Is Recycling Really Worth It?
Most people support the concept of recycling, which is the act of taking waste products and turning them into new forms that can be used again. It is a practice with many obvious benefits, but it can also have some potential drawbacks as well. Here’s a look at some of the positive and negative effects of recycling.
A definite plus for recycling is that it saves natural resources in a number of ways. For one thing, whenever the raw materials that went into making the original product can be reused, it becomes unnecessary to invest energy into getting new raw materials for more products. Since there is a finite amount of resources in the world, recycling helps to ensure that our resources don’t run out and are available for future generations.
If you have to constantly manufacture products from scratch, then you must continually invest the same amount of time and energy. However, recycling cuts out a lot of the expensive process of making new products, thereby allowing manufacturers to save money that can then be turned into higher profits for the businesses and lower prices for the consumer. In this sense, recycling is not just good for the environment, it is good for the public purse and the business bottom line as well.
A major cause of pollution is the industrial waste created by manufacturing consumer products. However, much of the pollution causing manufacturing process can be reduced or eliminated through recycling. Instead of throwing products away and manufacturing from scratch, recycling allow the same materials to be used again in ways that avoid the need for new raw materials and the landfills for discarded products. It is similar to how an e cigarette reduces the waste from cigarette butts and pollution from tobacco smoke.
Recycling doesn’t happen by magic. Someone has got to go out and gather the objects to be recycled and then ship them to where they can be processed. The act of retrieving and then selling the recovered materials also requires people who know how to do these things. In other words, recycling creates jobs, thereby strengthening the economy and reducing unemployment.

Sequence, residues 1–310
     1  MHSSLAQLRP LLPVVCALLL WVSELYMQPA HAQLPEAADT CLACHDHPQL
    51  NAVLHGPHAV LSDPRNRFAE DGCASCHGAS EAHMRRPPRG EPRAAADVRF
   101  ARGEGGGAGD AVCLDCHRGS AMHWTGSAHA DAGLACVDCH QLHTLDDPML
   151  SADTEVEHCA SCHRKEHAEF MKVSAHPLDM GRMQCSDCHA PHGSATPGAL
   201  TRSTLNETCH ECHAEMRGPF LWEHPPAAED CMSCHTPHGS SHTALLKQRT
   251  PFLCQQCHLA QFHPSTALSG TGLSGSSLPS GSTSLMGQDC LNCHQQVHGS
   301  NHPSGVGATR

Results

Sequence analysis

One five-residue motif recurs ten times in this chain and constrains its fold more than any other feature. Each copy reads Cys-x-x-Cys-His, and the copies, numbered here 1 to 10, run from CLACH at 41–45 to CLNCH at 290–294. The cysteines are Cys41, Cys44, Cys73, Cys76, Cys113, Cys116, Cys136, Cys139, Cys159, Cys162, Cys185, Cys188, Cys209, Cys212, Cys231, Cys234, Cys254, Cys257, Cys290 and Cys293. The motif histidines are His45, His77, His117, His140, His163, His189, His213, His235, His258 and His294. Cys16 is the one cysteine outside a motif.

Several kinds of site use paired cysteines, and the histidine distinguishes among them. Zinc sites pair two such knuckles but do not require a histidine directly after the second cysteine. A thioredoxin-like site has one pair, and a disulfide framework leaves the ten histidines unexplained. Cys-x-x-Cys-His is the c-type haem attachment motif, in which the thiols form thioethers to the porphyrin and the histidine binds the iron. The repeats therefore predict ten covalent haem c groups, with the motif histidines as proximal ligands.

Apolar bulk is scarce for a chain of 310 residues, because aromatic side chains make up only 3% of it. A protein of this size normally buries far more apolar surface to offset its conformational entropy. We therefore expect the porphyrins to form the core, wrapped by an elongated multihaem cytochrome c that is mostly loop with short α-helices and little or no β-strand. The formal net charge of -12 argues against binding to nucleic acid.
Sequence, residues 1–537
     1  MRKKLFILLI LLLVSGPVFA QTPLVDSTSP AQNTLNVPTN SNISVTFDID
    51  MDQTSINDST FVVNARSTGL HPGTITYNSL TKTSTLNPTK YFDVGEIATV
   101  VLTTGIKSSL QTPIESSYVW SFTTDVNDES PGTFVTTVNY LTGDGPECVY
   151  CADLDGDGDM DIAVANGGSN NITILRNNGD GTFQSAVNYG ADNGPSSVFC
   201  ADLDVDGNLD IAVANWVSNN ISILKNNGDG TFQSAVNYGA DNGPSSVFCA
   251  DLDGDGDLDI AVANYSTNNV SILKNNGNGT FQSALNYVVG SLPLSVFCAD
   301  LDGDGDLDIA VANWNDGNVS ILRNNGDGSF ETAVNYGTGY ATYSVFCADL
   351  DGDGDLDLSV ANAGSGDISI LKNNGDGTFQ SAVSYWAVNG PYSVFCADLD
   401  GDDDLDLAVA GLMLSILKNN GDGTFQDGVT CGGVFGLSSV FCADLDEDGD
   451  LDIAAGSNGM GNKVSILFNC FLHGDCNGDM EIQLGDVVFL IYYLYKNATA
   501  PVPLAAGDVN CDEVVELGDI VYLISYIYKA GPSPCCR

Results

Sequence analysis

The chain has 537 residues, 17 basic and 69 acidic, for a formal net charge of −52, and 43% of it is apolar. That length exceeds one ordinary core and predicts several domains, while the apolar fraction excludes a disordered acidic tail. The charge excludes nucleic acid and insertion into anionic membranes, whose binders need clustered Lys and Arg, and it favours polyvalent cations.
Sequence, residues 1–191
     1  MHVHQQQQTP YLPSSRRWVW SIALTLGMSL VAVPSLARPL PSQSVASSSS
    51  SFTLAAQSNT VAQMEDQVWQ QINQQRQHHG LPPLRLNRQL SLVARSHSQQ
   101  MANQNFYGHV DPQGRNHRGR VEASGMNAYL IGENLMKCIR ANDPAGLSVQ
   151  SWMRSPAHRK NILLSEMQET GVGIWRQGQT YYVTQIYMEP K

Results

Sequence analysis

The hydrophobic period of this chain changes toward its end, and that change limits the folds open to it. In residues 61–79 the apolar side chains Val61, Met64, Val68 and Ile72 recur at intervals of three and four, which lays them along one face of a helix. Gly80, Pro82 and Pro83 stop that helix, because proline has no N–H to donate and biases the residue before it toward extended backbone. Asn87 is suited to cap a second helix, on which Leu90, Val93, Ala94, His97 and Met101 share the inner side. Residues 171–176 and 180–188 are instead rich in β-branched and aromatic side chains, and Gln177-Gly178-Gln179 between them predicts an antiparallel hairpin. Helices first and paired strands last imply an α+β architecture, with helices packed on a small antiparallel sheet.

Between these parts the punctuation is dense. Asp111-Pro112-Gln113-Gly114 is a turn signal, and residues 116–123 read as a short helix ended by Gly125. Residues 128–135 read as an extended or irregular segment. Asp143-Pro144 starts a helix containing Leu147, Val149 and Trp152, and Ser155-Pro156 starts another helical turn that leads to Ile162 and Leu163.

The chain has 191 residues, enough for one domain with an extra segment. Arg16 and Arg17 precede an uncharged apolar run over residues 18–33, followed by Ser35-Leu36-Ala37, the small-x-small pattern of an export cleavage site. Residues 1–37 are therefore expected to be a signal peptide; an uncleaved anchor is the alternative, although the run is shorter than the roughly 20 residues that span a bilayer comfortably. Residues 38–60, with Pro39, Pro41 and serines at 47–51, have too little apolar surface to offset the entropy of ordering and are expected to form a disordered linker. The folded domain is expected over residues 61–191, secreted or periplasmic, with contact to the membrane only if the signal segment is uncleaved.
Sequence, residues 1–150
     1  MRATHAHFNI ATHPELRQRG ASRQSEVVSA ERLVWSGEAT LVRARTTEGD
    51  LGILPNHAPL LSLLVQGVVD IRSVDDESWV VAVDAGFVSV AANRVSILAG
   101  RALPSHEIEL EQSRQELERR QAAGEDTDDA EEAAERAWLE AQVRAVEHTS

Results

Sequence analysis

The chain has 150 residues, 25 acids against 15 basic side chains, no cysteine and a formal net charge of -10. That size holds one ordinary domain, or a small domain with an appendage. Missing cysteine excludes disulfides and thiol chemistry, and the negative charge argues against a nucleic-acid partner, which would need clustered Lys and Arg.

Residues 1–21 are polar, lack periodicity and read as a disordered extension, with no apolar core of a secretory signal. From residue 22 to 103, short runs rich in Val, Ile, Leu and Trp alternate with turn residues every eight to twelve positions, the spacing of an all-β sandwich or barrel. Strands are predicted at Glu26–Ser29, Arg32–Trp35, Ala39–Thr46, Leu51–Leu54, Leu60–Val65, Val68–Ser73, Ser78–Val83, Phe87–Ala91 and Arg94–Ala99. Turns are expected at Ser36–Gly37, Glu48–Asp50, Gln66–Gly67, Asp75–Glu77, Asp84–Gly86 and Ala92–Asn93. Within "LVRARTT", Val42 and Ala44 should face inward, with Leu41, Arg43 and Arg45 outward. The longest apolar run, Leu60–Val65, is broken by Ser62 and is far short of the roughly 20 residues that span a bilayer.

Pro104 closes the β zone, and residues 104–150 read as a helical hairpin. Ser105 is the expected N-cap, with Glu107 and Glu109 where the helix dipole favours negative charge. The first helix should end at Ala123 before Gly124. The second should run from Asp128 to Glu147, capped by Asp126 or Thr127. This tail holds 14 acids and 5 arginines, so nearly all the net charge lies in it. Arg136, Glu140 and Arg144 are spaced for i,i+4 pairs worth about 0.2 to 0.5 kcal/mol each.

Unfortunately, there is also a downside to recycling, and that is the fact that not all forms of recycling are cost effective. In some cases, the technological cost of recovering the materials surpasses the amount of money you can make from selling it. In those cases, government subsidies by taxpayers may be required, which is something that is not always popular with voters. Where the cost is too prohibitive, we may simply have to wait for the technological breakthroughs that will allow recycling to make economic sense.
Another potential drawback is the fact that not everything recycled is of the same quality as the original. For some substances, the act of recycling cause a degradation in the grade of the material. In those cases, recycling may not make sense from a quality control perspective.
Recycled products are clean and safe, but the facilities for doing the recycling may be another story. Recycling by its very nature requires gathering all kinds of waste, some of which may pose pollution and cleanliness issues of their own. Many recycling processes involve water, which poses the potential of pollution leaking from the recycling site into drinking water. Generally, this is something that can be controlled by technological precautions, but these measures cost money that can make the recycling process unprofitable.
Like most things in life, recycling has both positive and negative aspects. Increasingly, the negatives of recycling are being reduced by technological innovations that are lowering costs, improving quality and eliminating any negative ecological impact of recycling facilities. In the long run, the positive effects of recycling such as savings on energy, resources and pollution control, will cause the levels of recycling to increase.